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Wednesday, January 15, 2014

Lifelong Learners

Lifelong Learners
Learning begins early, extends in and out of school for years, and continues ongoing.  Google has taken initial steps to provide students with cloud-based tools to support their work in learning.  A next step together could leapfrog Boston to the forefront of emerging learning patterns, providing all current middle and high school students with the tools they need to work on learning in, out, and beyond their experiences in school.

Why Google?  Nothing is perfect, but Google is the most trusted, long-term platform for cloud-based living.  Few companies offer as high chances of longevity and consistency.  No other company offers the same value proposition for long-term ubiquitous computing.
For Google to have the impact it could on learning, it would need to address:
  1. Transferability
  2. Google Drive
  3.  Blogs
  4. Badges: (Common Core, Coding, Other)

Transferability. Kids are mobile.  Google Apps for Education is not.  Accounts must be transferable from within a school district account and into a new district.  This continuity is essential for long-term HMH is working with Google on a pilot to facilitate account migration and distributed trust administration.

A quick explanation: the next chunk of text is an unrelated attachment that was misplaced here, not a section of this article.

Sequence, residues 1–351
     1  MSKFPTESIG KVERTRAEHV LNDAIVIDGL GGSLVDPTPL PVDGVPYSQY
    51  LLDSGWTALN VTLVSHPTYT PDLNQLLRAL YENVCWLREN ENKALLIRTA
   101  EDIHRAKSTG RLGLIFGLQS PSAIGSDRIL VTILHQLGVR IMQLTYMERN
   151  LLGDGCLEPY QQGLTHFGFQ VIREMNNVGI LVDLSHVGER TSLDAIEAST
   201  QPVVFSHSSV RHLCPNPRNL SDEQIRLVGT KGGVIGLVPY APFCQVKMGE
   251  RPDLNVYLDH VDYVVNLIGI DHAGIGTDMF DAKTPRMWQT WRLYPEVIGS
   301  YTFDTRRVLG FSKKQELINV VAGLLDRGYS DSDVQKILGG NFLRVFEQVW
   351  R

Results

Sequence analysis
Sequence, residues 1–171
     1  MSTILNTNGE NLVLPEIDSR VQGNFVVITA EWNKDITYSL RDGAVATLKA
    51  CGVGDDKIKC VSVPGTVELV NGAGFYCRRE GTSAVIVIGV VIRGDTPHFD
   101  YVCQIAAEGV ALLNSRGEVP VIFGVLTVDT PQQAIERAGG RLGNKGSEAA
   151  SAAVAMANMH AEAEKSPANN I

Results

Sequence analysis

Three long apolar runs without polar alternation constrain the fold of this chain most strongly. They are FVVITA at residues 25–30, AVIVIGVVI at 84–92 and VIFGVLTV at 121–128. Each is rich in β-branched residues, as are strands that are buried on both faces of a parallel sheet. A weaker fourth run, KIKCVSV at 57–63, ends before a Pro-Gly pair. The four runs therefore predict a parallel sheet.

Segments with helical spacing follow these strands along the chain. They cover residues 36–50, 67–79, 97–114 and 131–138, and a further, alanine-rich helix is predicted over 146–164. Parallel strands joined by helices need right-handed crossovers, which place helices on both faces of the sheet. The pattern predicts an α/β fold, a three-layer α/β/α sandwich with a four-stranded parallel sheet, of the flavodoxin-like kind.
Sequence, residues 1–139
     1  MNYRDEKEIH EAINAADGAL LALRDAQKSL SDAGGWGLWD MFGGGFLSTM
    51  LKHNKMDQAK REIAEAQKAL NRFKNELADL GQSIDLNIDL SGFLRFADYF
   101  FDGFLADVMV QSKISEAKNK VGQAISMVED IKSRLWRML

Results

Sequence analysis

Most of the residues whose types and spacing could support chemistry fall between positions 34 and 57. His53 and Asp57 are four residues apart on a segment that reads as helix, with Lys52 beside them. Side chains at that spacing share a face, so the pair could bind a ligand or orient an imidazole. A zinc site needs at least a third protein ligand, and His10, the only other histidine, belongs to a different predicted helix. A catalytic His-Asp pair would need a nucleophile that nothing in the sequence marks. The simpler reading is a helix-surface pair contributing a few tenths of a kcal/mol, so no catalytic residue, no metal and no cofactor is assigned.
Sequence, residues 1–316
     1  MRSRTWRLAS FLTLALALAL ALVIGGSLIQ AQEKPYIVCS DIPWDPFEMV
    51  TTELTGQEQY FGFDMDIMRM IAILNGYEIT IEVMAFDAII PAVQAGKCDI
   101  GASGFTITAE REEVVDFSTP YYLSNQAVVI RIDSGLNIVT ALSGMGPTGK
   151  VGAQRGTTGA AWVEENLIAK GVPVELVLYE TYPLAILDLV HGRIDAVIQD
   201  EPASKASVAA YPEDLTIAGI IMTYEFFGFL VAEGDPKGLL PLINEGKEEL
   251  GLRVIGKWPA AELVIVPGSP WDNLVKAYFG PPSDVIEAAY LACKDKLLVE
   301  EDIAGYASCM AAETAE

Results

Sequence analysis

Google Drive’s great fit for learners is obvious.  This “virtual laptop” gives kids automatically saved and sharable access to all their documents from any connected device.

Blogs.  Sharing work and getting feedback is the “hinge” between teaching and learning. Greg Nadeau’s recent TEDx talk on lifelong learning blogs (text below) explains how kids sharing their work with their team of trusting, loving adults can provide a profound system breakthrough in the amount of positive attention kids get.

Badges are the missing component.  Competency-based education demands an approach to learning based on standards not course structure or seat time.  Math and English standards are now well documented in the Common Core State Standards.  Teachers and common tests provide objective assessments, but parents and self-evaluations can also be very important.  The Scouts and FIRST Robotics provide other examples of standards that parents and other community members can grant badges on.

Fundamentally, a “badge” is a piece of evidence that the learner can do or has done a certain thing.   Different badge granters would have different credibility, but, taken together can paint a holistic picture of a learner:
Three Examples Lifelong Learning Badges

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